We walked down to St Stephen’s Green before turning up Kildare Street which has Leinster House, home of the Oireachtas – the two houses of parliament and the presidency – on one side…..
 
Leinster House Kildare Street, Dublin
… and the home of  Bram Stoker on the other – you cannot go far in Dublin without tripping over a major writer.


The home of Bram Stoker, Kildare Street, Dublin
Working our way through the Grafton Street shopping area, we emerged into the Temple Bar district which is full of tourist shops and restaurants.
 
Temple Bar, Dublin

After a little shopping - including the inevitable fridge magnet – we dropped into The Old Storehouse for lunch. Like every other pub we visited in Dublin the building was interesting, the staff charming and the Guinness excellent. So was the soup which came with the same pleasingly chunky brown bread we had eaten at breakfast. Had this not been a quick lunchtime stop we might have investigated the crab claws or the mussels, but this was, surprisingly, the only seafood we saw on a menu during our whole trip.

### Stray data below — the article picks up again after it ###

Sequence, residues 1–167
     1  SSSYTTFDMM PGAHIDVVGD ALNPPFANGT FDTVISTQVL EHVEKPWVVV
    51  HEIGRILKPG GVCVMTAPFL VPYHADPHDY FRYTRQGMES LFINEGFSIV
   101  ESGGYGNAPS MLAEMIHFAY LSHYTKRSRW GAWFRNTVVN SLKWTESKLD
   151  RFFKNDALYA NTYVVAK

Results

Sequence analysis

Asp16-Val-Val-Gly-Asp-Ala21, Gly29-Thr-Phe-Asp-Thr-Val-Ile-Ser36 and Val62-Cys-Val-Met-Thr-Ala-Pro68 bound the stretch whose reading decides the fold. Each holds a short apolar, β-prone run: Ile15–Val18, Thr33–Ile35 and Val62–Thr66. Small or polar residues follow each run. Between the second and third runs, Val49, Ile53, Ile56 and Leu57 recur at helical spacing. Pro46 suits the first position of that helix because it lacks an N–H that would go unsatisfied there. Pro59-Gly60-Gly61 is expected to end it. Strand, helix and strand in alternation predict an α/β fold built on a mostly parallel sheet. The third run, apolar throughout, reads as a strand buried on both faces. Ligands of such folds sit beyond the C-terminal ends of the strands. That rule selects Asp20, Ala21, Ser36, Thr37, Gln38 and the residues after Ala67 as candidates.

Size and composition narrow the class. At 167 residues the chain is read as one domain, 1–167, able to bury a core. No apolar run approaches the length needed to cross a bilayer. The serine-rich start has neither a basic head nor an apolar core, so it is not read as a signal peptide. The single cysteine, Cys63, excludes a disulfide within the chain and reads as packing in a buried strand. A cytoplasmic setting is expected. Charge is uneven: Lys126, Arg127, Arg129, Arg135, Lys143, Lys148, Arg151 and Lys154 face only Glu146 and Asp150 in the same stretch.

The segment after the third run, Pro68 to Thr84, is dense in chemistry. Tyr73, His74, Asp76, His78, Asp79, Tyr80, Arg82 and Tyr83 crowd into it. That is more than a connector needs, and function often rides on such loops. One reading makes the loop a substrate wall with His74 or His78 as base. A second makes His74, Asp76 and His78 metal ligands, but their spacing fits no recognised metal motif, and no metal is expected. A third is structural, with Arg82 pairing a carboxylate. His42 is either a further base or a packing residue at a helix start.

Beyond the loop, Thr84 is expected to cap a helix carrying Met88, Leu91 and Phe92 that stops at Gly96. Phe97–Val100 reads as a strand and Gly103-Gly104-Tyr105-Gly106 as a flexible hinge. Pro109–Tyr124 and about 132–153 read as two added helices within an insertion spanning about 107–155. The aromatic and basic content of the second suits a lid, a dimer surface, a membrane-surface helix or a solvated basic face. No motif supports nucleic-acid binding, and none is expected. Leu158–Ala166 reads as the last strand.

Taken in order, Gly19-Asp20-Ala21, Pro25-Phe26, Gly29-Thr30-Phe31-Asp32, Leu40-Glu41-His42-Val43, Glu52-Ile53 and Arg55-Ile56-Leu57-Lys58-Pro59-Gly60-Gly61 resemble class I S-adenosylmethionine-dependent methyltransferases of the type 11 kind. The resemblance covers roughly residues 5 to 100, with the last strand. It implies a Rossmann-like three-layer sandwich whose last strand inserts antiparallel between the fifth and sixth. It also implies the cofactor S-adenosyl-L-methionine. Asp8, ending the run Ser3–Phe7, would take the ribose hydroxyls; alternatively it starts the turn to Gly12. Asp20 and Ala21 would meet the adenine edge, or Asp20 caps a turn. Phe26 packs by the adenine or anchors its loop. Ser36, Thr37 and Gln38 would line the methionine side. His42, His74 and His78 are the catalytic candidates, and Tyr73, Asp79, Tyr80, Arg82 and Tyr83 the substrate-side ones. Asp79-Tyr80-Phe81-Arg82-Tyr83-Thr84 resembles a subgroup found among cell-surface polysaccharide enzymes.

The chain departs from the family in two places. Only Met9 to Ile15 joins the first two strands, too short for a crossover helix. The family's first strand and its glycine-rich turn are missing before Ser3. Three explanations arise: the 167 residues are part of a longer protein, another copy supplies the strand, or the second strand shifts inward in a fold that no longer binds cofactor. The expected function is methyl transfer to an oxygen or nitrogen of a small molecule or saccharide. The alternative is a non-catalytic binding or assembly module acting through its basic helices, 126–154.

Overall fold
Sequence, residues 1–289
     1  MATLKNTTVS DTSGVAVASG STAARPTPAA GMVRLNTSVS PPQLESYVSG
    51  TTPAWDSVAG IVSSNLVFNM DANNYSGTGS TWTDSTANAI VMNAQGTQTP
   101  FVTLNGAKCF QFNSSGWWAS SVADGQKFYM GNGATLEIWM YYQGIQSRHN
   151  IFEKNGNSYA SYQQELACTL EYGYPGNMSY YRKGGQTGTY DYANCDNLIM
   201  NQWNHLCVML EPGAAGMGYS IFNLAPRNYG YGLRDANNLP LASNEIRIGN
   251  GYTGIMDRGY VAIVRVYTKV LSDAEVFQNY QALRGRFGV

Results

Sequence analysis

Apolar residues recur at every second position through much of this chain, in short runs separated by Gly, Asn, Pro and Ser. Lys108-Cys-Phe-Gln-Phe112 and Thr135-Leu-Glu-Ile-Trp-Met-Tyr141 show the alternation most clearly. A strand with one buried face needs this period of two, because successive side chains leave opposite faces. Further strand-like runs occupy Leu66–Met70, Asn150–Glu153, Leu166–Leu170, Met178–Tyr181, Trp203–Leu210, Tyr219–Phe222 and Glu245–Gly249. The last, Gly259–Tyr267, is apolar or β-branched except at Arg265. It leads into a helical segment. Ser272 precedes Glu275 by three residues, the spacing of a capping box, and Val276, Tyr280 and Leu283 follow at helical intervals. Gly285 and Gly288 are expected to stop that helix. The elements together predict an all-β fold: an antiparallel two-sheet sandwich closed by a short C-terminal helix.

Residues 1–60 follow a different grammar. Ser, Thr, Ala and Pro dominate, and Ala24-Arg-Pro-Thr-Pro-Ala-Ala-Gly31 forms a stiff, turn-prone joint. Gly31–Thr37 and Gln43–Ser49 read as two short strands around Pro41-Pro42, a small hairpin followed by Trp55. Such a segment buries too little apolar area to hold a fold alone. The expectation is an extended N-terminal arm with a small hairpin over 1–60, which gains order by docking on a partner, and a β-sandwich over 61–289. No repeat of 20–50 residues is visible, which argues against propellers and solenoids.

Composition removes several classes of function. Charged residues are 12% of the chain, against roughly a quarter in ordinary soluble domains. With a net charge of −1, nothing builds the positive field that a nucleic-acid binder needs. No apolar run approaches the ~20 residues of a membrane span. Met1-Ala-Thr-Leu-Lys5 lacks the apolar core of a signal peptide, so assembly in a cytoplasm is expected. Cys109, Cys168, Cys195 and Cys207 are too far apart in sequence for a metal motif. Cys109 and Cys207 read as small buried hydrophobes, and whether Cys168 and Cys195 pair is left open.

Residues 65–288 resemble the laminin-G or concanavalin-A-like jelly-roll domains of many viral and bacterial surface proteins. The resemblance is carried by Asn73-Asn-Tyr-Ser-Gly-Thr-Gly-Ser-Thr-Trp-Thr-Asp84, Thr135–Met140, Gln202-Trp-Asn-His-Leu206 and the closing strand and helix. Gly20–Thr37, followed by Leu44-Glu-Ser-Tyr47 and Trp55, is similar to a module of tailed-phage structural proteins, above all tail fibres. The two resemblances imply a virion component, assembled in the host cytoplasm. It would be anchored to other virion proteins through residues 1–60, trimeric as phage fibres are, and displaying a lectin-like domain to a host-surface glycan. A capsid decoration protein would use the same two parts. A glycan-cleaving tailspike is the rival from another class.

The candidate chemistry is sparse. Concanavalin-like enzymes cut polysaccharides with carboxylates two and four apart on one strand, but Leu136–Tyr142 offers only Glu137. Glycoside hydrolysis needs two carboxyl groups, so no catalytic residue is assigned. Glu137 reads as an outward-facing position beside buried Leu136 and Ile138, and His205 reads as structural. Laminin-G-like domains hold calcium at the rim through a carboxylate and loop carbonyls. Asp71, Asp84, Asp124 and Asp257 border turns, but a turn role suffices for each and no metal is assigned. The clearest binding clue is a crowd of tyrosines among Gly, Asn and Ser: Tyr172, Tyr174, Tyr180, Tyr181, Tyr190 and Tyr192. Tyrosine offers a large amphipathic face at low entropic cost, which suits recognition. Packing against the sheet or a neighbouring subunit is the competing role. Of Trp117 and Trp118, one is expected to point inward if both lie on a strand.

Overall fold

Continuing westwards we rather stumbled across Dublin Castle which is set back from the road on the edge of the medieval/Viking area.


The back of the 'Justice' Gate, Dublin Castle
We entered a Georgian courtyard dominated by the Bedford Tower, home of the Irish crown jewels – before they were stolen in 1907. The tower is flanked by two gates surmounted by ‘Fortitude’ on the left and ‘Justice’ on the right



The Bedford Tower, Dublin Castle

Unusually Justice is not blindfolded and instead of looking towards the people she faces inwards to the castle…

The statute of justice, mark well her station,
Face to the castle and arse to the nation.

The fully functioning scales of justice were also usually tilted towards the castle. This was due less to perfidy than to rainwater collecting more in one scale pan than the other and was solved by drilling holes in the pans.